In December, 1870, President Grant, in reply to a Senate resolution, sent a message on the subject of the Ku Klux in North Carolina, accompanying it with a mass of documents. p175 A special committee was appointed and examined fifty-three witnesses, thirty-three of whom were republicans and twenty conservatives. A large part of the testimony was hearsay, but from it, or rather with it, the majority succeeded in producing a report which declared the existence of the Ku Klux organization, composed of democrats, with a political purpose which it carried out by violence, at the same time protecting its members from punishment by secrecy and perjury, and that, in consequence, the authorities of the state were unable to secure to its citizens life, liberty, and the pursuit of happiness. The minority framed a strong dissenting report in which they denounced the investigation as a conspiracy to restore republican rule in North Carolina — which in a sense it was — after it had been repudiated by the people. They did not deny the existence of the Ku Klux organizations but declared them a natural result of Reconstruction.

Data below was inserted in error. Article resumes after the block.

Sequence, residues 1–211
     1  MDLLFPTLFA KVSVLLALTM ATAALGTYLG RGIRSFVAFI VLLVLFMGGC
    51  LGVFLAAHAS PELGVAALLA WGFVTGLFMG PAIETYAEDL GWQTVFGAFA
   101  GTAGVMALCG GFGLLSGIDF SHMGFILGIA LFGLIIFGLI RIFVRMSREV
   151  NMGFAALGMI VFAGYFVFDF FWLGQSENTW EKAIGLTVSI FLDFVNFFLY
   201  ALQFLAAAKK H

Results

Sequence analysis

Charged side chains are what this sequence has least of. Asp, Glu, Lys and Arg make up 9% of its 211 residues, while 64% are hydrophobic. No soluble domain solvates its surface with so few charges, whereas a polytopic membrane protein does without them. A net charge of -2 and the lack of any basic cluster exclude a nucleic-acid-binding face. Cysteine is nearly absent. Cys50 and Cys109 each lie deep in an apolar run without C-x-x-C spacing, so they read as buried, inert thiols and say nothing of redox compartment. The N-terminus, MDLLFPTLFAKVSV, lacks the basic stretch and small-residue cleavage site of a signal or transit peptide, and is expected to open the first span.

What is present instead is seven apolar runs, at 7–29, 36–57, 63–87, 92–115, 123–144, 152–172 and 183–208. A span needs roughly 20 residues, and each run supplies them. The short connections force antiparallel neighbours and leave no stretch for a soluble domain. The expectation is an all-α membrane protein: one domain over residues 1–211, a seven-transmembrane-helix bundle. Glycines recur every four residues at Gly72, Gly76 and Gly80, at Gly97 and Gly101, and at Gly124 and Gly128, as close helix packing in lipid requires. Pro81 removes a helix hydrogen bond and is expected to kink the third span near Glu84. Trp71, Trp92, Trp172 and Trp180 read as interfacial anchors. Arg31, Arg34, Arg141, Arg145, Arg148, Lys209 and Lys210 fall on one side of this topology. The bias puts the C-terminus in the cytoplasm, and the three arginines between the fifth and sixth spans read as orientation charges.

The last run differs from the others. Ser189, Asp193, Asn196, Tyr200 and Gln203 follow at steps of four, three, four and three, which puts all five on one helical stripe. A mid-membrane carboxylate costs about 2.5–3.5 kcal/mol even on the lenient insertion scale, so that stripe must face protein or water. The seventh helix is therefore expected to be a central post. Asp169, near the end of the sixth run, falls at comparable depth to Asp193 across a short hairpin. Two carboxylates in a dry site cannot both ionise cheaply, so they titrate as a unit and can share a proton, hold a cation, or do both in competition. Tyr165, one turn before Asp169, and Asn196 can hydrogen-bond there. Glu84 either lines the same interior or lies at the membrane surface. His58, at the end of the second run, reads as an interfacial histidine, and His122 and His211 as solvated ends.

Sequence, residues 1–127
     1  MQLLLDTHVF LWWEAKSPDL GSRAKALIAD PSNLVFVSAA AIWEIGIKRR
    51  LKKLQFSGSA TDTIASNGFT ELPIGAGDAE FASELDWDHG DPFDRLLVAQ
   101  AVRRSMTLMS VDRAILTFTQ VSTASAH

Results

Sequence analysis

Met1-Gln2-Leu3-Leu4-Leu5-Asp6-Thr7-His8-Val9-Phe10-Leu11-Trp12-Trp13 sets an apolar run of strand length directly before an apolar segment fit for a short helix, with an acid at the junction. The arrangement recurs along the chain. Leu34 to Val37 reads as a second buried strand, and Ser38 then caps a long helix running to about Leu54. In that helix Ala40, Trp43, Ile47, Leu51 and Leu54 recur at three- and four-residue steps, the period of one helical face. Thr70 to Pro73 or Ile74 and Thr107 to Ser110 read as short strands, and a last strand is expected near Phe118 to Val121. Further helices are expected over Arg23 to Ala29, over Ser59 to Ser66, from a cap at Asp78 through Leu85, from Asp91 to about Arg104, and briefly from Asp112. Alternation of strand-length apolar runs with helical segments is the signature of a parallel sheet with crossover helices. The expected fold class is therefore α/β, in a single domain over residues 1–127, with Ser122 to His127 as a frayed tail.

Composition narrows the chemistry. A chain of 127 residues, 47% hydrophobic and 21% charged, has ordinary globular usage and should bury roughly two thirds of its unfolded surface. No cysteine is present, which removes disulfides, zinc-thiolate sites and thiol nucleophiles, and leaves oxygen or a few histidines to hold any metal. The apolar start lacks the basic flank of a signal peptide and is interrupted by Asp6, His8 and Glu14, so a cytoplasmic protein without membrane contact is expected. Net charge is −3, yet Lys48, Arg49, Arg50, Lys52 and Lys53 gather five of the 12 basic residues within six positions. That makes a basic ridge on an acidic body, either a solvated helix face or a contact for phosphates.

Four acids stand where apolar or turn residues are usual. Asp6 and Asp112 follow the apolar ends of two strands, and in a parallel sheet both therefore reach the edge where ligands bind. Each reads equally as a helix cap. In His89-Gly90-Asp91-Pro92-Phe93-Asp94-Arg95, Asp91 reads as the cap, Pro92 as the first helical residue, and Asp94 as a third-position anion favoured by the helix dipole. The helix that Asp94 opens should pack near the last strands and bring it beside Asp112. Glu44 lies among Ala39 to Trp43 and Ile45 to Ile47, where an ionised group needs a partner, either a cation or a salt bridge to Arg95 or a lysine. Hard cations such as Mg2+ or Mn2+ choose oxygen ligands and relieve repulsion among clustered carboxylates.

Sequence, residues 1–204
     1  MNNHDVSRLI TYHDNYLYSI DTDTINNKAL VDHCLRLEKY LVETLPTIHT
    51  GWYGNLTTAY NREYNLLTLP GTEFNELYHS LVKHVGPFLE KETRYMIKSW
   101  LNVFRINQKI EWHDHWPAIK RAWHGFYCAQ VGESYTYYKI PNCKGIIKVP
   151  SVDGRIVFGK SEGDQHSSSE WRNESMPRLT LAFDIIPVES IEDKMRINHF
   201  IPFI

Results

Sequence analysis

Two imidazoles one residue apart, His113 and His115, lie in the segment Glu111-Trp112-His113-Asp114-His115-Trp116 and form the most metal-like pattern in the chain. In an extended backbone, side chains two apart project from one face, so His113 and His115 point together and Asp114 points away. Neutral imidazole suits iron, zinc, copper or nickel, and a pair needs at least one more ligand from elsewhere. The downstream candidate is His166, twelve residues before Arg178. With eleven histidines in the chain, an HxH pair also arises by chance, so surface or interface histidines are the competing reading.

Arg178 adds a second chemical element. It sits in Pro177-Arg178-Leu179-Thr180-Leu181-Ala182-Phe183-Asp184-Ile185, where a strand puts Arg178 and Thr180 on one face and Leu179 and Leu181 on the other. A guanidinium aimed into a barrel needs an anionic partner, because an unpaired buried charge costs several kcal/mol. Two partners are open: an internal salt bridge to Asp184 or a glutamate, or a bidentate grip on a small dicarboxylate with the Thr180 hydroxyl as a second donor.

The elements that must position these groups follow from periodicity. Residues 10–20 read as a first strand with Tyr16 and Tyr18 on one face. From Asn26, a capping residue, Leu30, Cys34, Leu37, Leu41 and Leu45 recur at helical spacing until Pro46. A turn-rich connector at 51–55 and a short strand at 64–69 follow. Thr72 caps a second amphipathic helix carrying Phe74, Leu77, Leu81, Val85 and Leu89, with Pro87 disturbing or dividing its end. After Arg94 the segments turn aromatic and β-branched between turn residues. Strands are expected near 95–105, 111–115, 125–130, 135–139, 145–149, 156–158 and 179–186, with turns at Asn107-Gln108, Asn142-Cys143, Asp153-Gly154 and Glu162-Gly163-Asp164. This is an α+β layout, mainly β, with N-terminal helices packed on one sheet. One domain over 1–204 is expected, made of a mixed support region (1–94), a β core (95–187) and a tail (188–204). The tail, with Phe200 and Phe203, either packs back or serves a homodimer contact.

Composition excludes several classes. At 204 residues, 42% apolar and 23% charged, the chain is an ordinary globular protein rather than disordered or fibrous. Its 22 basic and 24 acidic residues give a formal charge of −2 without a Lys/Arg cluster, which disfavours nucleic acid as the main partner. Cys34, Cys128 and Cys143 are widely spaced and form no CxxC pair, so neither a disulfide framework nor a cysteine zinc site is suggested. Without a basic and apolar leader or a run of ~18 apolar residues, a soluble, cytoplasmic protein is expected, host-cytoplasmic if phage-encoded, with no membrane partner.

On March 23, 1871, the President sent a message to Congress on the subject of the Ku Klux and in response to his recommendation an act to enforce the provisions of the Fourteenth Amendment became law in April. This act, in which, as Professor Burgess says, "Congress simply threw to the winds the constitutional distribution of powers between the states and the United States Government in respect to civil liberty, crime and punishment," ignored the fact that the Fourteenth Amendment gave Congress power only against state action, and provided for the arrest, trial, and punishment of individuals by the Federal courts, and made all persons depriving another of rights under the Constitution liable to the party injured in heavy damages. It prescribed penalties for conspiring against the United States or for the hindrance of any of its laws. Penalties were imposed for going upon the highways in disguise with the intent to hinder anyone in the exercise of rights guaranteed by the Constitution. The President was authorized to take such measures as he might deem best to suppress the trouble, and was given power, when the civil authority was powerless to perform its functions, to proclaim any portion of a state or the entire state in a condition of insurrection and to suspend the writ of habeas corpus.